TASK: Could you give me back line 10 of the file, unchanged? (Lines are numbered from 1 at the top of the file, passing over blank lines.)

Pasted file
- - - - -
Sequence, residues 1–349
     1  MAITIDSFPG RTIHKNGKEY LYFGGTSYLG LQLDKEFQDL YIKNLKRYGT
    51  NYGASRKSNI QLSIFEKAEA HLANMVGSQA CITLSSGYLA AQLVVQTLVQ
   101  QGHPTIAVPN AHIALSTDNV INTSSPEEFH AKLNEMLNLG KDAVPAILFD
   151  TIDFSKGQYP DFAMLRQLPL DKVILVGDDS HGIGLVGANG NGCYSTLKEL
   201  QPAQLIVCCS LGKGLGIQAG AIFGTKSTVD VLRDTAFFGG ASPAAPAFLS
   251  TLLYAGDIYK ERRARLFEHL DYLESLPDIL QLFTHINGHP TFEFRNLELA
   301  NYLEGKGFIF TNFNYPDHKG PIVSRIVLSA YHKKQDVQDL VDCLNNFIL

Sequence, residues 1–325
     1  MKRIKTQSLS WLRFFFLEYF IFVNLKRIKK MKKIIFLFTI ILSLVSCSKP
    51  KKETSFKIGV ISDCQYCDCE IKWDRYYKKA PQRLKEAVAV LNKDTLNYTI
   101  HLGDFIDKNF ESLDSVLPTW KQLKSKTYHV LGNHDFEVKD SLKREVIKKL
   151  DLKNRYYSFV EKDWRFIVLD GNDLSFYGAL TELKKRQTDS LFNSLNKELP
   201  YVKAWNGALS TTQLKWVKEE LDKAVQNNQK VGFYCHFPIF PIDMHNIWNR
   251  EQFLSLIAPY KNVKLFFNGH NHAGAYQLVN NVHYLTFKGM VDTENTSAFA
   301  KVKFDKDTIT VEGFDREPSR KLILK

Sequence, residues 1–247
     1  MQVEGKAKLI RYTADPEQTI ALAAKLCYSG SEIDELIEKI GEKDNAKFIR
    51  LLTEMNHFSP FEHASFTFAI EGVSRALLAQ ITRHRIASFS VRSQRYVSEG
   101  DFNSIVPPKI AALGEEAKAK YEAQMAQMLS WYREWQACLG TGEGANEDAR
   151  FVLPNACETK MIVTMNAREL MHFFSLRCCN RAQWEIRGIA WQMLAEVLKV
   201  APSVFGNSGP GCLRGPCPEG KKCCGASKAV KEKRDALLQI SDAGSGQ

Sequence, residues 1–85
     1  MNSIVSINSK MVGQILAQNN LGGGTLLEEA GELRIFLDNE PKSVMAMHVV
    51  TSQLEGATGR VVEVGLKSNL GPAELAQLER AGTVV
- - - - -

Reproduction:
     1  MKRIKTQSLS WLRFFFLEYF IFVNLKRIKK MKKIIFLFTI ILSLVSCSKP